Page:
Toward Venice, toward Japan, toward Malibu, toward gaudy arcade lights, back toward Venice — I pace the boards at the end of the Santa Monica pier with a finger in my ear, talking to my wife’s best friend.
She is suggesting a trip to New York with her and her husband. She’s offering me a chance to play piano for a performance of her one-act musical, for which I wrote the music. It would be a chance to travel to the Lower East Side of that big, creative American city on the right-hand coast.
Would I like to perform music I wrote, for the entertainment of a live audience in Manhattan?
The answer to that question would always be yes.
We talk. Arrangements. Plans. Eventually, I acknowledge to myself what I knew the instant I heard “Manhattan:” my wife loves New York City and hanging with her friend. She should come. But — oy, so many logistics. School, kids, pets. Not to mention cost.
When we discussed her coming along, I tried to make it easy for her to agree.
She stayed home.
I flew to New York.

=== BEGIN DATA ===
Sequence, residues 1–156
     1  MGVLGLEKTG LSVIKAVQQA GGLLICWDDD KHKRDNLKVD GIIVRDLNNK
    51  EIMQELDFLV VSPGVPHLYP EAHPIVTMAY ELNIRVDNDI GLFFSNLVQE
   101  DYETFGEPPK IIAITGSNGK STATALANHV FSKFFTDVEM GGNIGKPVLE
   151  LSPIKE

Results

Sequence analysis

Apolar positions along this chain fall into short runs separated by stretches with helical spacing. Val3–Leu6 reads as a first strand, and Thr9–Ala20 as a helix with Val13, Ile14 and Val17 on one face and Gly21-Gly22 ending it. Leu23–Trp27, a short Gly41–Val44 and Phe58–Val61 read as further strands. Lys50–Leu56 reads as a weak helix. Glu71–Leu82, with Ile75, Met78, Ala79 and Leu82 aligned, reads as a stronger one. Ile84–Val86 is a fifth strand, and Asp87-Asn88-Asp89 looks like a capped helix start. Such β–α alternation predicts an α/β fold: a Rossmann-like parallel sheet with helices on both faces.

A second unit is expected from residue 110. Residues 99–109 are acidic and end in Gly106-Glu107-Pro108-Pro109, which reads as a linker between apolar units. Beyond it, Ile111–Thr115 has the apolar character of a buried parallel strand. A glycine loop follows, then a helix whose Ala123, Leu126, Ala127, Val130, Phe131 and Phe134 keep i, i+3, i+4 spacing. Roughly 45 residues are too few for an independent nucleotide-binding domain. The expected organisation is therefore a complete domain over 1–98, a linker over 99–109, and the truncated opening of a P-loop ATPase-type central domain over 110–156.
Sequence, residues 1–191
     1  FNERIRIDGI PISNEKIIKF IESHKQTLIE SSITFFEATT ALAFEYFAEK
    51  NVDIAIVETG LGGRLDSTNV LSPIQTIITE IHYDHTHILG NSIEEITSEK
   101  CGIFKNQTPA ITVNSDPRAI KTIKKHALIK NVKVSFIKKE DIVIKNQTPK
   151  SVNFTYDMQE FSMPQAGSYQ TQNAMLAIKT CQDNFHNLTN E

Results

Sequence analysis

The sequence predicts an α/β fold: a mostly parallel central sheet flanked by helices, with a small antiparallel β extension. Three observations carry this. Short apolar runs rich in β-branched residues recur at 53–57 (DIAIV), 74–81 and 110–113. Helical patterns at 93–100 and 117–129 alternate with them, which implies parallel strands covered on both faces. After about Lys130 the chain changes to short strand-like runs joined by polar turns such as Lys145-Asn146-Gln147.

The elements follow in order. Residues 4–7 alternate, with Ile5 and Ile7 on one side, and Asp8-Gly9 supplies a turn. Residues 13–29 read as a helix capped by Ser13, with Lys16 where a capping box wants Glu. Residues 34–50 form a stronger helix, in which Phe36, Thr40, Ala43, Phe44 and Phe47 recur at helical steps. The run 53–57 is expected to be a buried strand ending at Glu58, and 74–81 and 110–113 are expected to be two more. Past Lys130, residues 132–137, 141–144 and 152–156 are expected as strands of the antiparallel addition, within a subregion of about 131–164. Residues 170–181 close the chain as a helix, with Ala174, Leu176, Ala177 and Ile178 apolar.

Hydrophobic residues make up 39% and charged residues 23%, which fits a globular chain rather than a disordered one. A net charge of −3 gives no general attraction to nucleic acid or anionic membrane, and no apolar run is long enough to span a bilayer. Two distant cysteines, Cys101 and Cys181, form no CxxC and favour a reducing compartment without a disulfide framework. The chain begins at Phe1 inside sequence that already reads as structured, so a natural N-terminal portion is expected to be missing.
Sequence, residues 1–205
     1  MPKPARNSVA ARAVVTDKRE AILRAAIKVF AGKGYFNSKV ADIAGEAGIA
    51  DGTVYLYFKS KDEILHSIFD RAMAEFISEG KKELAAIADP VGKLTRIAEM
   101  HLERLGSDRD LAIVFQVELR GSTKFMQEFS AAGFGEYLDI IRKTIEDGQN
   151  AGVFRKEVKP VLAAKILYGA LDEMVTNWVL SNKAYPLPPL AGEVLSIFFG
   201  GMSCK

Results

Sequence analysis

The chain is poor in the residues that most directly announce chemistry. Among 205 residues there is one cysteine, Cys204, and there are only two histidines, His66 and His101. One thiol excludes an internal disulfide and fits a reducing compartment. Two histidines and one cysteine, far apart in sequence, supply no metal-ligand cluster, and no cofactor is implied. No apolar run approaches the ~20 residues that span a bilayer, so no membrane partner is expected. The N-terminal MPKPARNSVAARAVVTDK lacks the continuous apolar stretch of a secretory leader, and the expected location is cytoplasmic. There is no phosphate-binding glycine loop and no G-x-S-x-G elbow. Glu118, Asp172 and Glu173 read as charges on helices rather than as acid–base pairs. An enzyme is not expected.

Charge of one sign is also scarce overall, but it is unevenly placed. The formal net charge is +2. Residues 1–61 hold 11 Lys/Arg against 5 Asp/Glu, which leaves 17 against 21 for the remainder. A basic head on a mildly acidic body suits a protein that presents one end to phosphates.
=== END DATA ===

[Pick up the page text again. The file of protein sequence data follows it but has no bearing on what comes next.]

A guy doesn’t get many calls like that — pacing toward Venice, Japan, Malibu, talking about performing in Manhattan, Pacific night breeze occasionally blowing across the phone and making static. I was there on the left coast to make a commercial with other Midwestern advertising creatives. Fact is, I get to do a lot of cool stuff all over the place and my wife holds the house together.
How I wish it were otherwise.
“Can you see which animal is throwing up in the hall?” I imagine her shouting from the kitchen to kids absorbed in video games as, states away, I play an arpeggio for an actor to find his note. [as the cat hucks up furball juice, I start low, rapidly playing major A chords hand-over-hand until reaching the higher registers where the last two notes are a trill between A and G]